Beck, Metric and Broken Social Scene bring comicbook bands to life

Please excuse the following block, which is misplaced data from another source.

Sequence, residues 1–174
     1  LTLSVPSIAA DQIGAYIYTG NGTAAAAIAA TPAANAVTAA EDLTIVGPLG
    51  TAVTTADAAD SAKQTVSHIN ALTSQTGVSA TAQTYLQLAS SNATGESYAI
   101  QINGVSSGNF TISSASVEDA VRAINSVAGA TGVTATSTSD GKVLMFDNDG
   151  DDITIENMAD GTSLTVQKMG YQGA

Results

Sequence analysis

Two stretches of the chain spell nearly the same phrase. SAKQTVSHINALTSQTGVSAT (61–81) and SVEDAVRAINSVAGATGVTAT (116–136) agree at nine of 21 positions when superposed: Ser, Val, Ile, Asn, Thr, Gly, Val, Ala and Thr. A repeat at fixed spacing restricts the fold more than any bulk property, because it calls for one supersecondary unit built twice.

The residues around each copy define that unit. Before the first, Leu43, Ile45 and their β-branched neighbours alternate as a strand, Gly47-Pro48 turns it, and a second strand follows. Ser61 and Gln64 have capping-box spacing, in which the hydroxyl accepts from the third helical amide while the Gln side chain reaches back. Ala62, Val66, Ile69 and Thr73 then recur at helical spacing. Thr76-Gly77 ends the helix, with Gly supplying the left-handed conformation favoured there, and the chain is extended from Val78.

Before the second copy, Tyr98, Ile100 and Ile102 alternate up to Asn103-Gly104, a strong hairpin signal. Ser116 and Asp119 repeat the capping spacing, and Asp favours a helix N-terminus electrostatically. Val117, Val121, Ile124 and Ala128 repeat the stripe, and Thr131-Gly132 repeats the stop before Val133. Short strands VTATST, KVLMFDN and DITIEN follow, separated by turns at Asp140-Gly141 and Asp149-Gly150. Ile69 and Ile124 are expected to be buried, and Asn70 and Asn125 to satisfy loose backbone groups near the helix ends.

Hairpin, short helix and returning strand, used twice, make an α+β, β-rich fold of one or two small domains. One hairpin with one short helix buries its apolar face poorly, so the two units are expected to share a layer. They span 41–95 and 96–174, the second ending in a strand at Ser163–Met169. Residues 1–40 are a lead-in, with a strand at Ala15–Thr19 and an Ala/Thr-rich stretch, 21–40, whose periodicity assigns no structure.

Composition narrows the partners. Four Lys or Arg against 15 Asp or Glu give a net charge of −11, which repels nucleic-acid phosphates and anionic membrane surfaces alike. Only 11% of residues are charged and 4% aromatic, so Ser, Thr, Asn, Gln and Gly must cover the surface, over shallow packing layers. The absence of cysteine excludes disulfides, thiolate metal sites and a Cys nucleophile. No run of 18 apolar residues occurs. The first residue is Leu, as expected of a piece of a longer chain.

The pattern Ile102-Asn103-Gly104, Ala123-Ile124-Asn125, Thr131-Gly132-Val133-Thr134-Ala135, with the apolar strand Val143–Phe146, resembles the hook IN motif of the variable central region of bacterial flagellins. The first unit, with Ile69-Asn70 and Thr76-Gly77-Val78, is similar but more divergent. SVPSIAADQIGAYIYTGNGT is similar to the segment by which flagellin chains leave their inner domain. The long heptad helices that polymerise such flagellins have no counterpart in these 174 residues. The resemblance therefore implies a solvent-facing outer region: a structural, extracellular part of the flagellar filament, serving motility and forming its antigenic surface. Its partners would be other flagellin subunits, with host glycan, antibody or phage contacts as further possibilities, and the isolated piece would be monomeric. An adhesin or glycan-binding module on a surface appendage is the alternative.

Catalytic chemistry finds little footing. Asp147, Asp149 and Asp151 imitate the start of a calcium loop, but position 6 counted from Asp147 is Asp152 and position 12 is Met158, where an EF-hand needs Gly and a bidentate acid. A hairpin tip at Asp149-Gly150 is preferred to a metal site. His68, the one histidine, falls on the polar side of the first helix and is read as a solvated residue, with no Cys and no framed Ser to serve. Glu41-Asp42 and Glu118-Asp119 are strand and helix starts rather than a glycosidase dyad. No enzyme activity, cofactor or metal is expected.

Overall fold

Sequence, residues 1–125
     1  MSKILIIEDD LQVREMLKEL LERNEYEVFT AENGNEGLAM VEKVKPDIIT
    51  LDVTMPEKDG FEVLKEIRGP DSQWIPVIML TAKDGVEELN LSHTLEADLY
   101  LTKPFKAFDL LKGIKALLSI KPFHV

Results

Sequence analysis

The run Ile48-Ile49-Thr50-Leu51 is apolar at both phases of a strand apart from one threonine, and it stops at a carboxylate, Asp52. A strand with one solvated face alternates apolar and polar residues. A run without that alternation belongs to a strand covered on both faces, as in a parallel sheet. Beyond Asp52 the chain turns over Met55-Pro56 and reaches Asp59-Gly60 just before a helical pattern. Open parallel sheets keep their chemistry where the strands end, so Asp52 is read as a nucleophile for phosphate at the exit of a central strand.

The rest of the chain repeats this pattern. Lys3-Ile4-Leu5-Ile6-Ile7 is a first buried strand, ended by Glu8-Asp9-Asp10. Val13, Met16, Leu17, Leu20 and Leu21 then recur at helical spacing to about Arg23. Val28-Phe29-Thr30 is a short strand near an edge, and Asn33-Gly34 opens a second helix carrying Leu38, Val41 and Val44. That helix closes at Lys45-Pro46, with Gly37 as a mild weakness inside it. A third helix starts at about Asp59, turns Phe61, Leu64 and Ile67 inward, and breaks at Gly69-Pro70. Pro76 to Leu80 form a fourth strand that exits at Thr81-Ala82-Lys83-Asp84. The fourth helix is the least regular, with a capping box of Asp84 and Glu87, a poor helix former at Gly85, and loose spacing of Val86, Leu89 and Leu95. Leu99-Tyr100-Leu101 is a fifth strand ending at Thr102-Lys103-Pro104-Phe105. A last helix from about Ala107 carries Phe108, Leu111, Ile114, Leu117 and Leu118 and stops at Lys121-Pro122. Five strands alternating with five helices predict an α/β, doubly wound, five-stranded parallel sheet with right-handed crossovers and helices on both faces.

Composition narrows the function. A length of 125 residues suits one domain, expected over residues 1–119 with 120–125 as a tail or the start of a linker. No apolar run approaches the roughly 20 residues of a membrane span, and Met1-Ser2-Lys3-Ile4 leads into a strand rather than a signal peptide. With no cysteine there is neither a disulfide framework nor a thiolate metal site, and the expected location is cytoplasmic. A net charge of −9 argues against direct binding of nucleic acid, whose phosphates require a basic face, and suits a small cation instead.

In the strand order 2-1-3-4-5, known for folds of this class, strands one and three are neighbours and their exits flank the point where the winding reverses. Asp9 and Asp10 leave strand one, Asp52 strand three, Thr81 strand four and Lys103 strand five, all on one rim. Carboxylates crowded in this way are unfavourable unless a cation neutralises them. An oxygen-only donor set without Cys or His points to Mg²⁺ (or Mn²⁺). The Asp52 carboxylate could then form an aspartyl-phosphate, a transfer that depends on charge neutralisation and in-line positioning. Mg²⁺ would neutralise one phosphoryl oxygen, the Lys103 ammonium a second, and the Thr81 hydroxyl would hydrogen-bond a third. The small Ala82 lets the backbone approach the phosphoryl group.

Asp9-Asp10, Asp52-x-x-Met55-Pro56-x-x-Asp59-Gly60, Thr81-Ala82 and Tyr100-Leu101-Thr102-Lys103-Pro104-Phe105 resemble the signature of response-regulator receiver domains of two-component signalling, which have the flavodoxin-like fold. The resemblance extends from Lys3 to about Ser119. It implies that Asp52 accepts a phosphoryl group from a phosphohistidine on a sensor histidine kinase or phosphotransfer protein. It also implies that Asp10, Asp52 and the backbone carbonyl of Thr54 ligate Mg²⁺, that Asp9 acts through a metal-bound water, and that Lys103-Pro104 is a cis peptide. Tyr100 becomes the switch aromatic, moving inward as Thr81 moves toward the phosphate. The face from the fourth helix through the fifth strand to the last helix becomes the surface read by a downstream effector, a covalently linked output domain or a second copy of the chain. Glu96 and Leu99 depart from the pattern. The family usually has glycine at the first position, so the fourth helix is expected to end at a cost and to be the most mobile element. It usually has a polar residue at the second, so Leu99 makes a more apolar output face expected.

“Realism” isn’t the first word that comes to mind regarding “Scott Pilgrim vs. The World,” which opens Friday. The film features stylized fight sequences cut back-to-back with cartoon-y melodrama. However, in one very specific aspect realism was key, according to director and co-writer Edgar Wright: Music.The “Scott Pilgrim” graphic novels, on which the pic is based, are populated by a number of indie rock bands, like Pilgrim’s Sex Bob-Omb and the villainous Clash at Demonhead. In the film, their songs are played by the thesps themselves — Sex Bob-Omb consists of Michael Cera on bass, Alison Pill on drums and Mark Webber on guitar and vocals, for example — but their songs were written by famed alt rocker Beck. “We had to solve a problem that (graphic novelist) Bryan Lee O’Malley didn’t have in the comics, which is what (the bands) sound like,” he said. Whereas most films approach similar situationsby hiring a composer to write music for all the different sounds, Wright bristled at the thought. Those films, “never quite sound right or feel real,” he said. So Wright and music producer Nigel Godrich hired different bands to develop new songs for the various groups. And what better bands to choose from than some of the ones O’Malley used as inspiration while penning the comics. Emily Haines of Canadian New Wave rock band Metric said when they played an early version of their song “Black Sheep” for Wright and Godrich, everyone was surprised at “how perfectly it coordinated with Bryan’s Clash at Demonhead fictional band.” Toronto-based Broken Social Scene was hired to write for Crash and the Boys, a Sex Bob-Omb rival band notorious for its three-second “I Am So Sad, So Very, Very Sad.” “It’s like nothing we had ever done under Social Scene,” says band member Kevin Drew. “Really, I think our longest song (in the film) is about 56 seconds.” Wright met with Drew in Toronto at what Drew describes as “a sort of blind date dinner.” From there, Wright and Godrich asked Broken Social Scene to write a number of songs. Very short songs. Wright noted that “Metric were playing an exaggerated version of themselves and Broken Social Scene were playing against type.” Of course, Beck as Sex Bob-Omb had to pull out a new sound as well. In 2008, Beck entered a studio session with poster blow-ups of comic book frames of the band. “I had a CD at the end of that session that was 22 tracks long,” Wright said. “The actual kind of playing is not particularly virtuoso,” Wright admitted. The band’s songs — particularly “Garbage Truck” — which show up early in the film, have an intentionally grungy, unpolished quality to them. The soundtrack complements Godrich’s original score, which Wright considers a “sonic embarrassment of riches” and includes nonoriginal, thematically linked songs like “Under My Thumb” by the Rolling Stones and “Scott Pilgrim” by Plumtree.